The sales funnel and how it’s changing.

What is a sales funnel? 

Your sales funnel represents the journey consumers take with your brand before purchasing. Each stage of the sales funnel impacts consumer behaviour, meaning you need to know exactly what your consumer wants and needs. Your primary goal at each stage is to move people on to the next one, until they feel confident enough in your brand to make a purchase.

The funnel is a visual representation of a large number of potential customers starting the sales funnel journey, through to the small number that actually converts into paying customers – our job is to get this number as high as possible

Stages of the funnel.

Awareness. This stage is where you first catch a potential customer’s attention and includes the highest number of potential customers. Hooray, they all know your name. They might have identified a problem and started searching for a solution, becoming aware of a brand via search engines, blog posts, or asking friends and family.

They might not even realise they have a problem until they stumble across your brand, in which case, you’re in with a good shot.

When the stars align just right, they buy immediately. But purchase usually happens when a consumer has already researched similar offerings and knows that you’re offering something they need at a competitive price, or your product is absolutely the thing they’ve been missing from their lives.

Interest. The number of potential customers at this stage starts to decrease, but the likelihood of converting them into customers increases.

When consumers reach this stage in the sales funnel, they’re actively doing research, comparison shopping, and evaluating their options based on their specific needs and the solutions your brand provides.

This stage is where you should exhibit your expertise or niche offering to create content and conversations that build meaningful relationships with the right people by providing them with valuable information and solutions that align with their pain points and, ultimately, their goals.

Your content needs to be authentic and give them an experience they’ll remember without hard selling. If you’re too pushy straight out of the gate, you’ll turn off potential customers. The goal at this stage of the sales funnel is to communicate your brand values and product benefits to help them get closer to making an informed decision with authentic content.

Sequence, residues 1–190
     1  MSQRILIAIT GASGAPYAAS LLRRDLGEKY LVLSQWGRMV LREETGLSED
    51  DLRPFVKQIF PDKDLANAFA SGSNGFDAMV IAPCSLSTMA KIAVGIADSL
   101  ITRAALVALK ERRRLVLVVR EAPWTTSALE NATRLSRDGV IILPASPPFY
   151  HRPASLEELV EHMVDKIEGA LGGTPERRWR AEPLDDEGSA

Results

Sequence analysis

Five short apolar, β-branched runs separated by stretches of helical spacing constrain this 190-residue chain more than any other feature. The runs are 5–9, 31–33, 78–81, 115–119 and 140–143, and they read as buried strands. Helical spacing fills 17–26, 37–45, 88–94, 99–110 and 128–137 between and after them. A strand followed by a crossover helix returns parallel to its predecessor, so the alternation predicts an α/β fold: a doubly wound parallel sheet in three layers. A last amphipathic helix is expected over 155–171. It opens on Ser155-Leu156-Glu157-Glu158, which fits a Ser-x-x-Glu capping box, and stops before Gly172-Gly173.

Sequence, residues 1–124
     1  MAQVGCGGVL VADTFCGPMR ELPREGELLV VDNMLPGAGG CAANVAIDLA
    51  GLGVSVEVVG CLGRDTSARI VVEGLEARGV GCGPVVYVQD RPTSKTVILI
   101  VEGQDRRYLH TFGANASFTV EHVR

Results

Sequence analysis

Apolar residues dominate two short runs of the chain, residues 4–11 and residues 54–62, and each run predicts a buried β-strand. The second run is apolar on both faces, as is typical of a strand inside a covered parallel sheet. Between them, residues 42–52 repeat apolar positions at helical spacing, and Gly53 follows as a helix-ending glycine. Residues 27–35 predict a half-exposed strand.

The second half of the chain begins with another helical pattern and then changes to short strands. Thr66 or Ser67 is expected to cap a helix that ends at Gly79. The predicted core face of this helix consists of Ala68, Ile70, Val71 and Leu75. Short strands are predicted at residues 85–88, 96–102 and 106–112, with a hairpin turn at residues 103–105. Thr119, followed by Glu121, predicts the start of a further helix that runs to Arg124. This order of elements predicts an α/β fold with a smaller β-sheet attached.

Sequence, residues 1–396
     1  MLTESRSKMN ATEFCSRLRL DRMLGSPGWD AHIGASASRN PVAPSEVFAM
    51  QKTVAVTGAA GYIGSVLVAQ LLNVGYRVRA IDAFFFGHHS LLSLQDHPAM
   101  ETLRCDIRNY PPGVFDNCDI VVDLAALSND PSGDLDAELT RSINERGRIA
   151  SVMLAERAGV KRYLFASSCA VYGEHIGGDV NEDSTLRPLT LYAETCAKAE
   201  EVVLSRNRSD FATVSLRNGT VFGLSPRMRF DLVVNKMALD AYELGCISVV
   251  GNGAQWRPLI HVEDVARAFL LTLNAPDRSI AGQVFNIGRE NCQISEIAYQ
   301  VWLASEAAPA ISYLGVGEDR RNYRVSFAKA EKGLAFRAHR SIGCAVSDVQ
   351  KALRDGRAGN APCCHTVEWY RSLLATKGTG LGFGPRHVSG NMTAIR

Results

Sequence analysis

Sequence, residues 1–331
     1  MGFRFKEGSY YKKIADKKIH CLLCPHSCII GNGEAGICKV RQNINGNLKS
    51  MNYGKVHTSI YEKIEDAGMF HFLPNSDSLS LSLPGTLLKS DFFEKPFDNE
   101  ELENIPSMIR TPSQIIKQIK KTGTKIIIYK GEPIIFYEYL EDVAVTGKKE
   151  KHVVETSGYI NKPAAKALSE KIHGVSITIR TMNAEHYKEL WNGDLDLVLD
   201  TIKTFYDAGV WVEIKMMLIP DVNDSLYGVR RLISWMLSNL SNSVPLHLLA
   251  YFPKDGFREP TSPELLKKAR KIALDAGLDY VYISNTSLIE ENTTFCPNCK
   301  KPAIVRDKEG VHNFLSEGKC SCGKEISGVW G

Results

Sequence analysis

Decision. The number of potential customers grows smaller again at this stage. But, the audience is much more engaged – potential customers know who you are, what your story is, and are looking for answers to their questions. After doing some digging into other offerings, they want to know just how and why yours is the best option for them.

Now is the time to give them your best offer. It could be a discount code, free shipping, or an in-depth look into the aftercare your brand offers. Whatever it is, make it the cherry on top that’s going to make people want the whole cake.

Action. The moment the sales funnel has been building up to – whether the potential customer makes a purchase or not.

If they buy from you, great – but it doesn’t mean your work is over.

Now is the time to dazzle them with your customer service, send a thank you email, maybe a loyalty scheme, invite them to give you feedback, or let them know how to get the very best out of your product.

If they don’t buy, it doesn’t mean it’s over – you sweep them off their feet with nurture campaigns to keep you at the front of their mind should they need you again in the future.

So how is the sales funnel changing? 

The sales funnel used to be a pretty linear journey, one that marketers had a little more control over, with introductions, over-explanations, and predictions of objections with a perfectly crafted sales pitch to try and persuade people to purchase. Now, with the growing number of social media platforms and ease of searching for brands on the internet, the customer is constantly in the funnel – but they can move in any direction – the stages are all there still, but they work a little differently.